What Kristine Kathryn Rusch writes is all pretty sensible, but at an early corner in this outing she almost drives over the edge and reveals her built-in anti-traditional-publishing bias.

To be fair it is difficult to say much about self-publishing vs. traditional publishing sales. Not all “traditional” publishers report sales to the traditional information-gathering sources, and all anyone has to go on with self-publishing sales tends to be anecdote. Amazon, the biggest retailer remains mum. We all assume (on the basis of anecdote) that the large majority of sales of self-published books is in ebook format. This has always been the case, and it makes sense — it’s obviously easier for self publishers to supply their product in digital form only thus avoiding having to mail out physical objects from a large inventory stored in their spare bedroom. Their customers seem fine with this, and we all think it great that this kind of service exists. We all, I think, assume that total unit sales by self publishers are larger than traditional publishing sales. However beyond the possibility of trolling for new authors, I believe that the traditional book publishing industry pretty much ignores self publishing. It’s really a totally different business. It is interesting, as Ms Rausch points out, that Bertelsmann is including some guesstimate about self-publishing sales in order to make their Simon & Schuster takeover look less of a monopolistic threat.

Ms Rusch’s assertion that the traditional publishing industry “did everything it could to destroy the ebook format” is patent nonsense. A person might think that publishers’ actions are wrong, even stupid, but they would just be “wrong, even stupid” if they concluded from that that there is some sort of conspiracy to stamp out ebooks or even to stunt their growth. Book publishing may not be a business to attract the top financial talents, but we do tend to know that selling another copy of one of our books in any format whatsoever is a “good thing”. If people want an ebook we are delighted to sell them an ebook (on terms which we determine, of course). If people want a hardback; ditto; paperback; again ditto. Ebooks are not the wondrous panacea to the traditional publisher that they represent for self publishers. For us they represent just another format.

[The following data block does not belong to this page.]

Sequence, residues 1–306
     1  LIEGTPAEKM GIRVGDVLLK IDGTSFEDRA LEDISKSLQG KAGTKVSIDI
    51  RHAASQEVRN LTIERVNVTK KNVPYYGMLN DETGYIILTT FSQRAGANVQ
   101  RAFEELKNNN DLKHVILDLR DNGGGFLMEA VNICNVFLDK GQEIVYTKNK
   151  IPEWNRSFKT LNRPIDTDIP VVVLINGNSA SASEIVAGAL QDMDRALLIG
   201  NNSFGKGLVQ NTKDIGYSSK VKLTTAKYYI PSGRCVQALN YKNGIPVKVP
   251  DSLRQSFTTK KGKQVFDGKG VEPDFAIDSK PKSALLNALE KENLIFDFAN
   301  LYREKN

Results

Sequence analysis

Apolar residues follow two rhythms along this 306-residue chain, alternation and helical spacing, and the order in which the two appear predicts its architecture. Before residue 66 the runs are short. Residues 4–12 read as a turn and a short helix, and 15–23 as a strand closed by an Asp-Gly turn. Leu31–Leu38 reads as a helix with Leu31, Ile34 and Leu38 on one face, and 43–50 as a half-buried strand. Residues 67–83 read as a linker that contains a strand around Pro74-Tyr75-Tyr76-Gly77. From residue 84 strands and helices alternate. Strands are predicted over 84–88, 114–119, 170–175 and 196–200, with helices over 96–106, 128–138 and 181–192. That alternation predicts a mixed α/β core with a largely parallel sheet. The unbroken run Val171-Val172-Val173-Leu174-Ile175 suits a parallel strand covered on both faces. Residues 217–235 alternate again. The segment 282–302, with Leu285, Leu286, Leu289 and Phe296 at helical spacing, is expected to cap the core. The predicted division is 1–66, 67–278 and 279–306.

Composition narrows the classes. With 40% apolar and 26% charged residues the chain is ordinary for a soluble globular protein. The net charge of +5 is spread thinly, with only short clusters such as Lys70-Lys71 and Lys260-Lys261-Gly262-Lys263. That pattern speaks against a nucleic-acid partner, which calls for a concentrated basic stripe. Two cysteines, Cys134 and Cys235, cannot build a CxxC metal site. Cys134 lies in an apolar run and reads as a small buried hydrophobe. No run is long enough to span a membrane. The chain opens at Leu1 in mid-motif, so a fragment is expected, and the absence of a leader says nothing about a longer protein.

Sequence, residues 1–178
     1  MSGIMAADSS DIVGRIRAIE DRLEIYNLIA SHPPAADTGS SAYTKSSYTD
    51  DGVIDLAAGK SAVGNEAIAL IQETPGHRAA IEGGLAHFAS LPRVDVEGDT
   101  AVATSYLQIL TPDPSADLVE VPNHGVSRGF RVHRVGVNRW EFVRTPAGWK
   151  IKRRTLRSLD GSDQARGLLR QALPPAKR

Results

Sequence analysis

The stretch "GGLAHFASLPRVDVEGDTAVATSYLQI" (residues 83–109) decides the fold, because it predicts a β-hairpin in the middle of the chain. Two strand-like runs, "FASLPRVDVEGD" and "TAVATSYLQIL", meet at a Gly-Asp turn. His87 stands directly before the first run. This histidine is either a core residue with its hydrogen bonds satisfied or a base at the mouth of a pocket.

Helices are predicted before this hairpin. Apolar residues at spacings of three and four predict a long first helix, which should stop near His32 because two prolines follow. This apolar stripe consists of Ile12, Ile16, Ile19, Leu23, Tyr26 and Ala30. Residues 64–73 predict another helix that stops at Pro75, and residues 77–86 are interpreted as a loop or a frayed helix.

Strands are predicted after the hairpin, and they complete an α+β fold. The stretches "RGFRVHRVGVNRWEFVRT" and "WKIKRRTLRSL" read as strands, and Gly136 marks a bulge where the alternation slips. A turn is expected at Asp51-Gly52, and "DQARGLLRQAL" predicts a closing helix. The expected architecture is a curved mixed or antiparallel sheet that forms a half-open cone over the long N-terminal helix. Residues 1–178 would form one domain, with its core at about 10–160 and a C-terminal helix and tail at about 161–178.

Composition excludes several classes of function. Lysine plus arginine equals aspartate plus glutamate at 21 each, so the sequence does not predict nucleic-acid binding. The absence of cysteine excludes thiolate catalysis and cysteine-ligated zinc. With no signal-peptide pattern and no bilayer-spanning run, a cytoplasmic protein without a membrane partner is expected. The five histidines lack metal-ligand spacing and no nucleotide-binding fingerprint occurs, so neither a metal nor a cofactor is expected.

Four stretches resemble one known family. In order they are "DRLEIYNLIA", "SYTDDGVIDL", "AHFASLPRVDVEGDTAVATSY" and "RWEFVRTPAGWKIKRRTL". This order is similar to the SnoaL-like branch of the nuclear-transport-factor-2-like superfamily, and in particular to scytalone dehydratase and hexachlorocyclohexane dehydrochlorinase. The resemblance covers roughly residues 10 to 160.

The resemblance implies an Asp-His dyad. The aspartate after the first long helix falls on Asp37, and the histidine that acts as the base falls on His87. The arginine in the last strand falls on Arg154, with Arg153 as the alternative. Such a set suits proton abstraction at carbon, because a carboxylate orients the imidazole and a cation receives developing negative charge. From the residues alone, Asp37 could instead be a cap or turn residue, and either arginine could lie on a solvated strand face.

In my recent post about ebook downloads from libraries I warned about over-interpretation of the data; a trap Ms Rausch fails to avoid. It does seem likely that our coronavirus experiences will bring about some significant changes in our business environment. Remote working looks like a likely candidate, and there’s a danger that the independent bookstore might also fall victim. The way a trade book is published has changed: less of a day one bump, more of a sustained roll out. If bookstores become less common this trend might become permanent. But any big change from print to ebook format seems unlikely to me. It is true I used to have a colleague who only wanted to own paperback books, regarding hardbacks as cumbersome. (He also expressed a preference for cylindrical food.) I offered myself up as a Jack Sprat partner: happy to have all the hardbacks. Although he was a publisher in an executive position nobody however thought of this preference as a policy to “destroy the hardback format”. I can’t imagine that in twenty years we won’t still have hardbacks, and paperbacks, and ebooks, and audiobooks, and no doubt some format we haven’t dreamed up yet.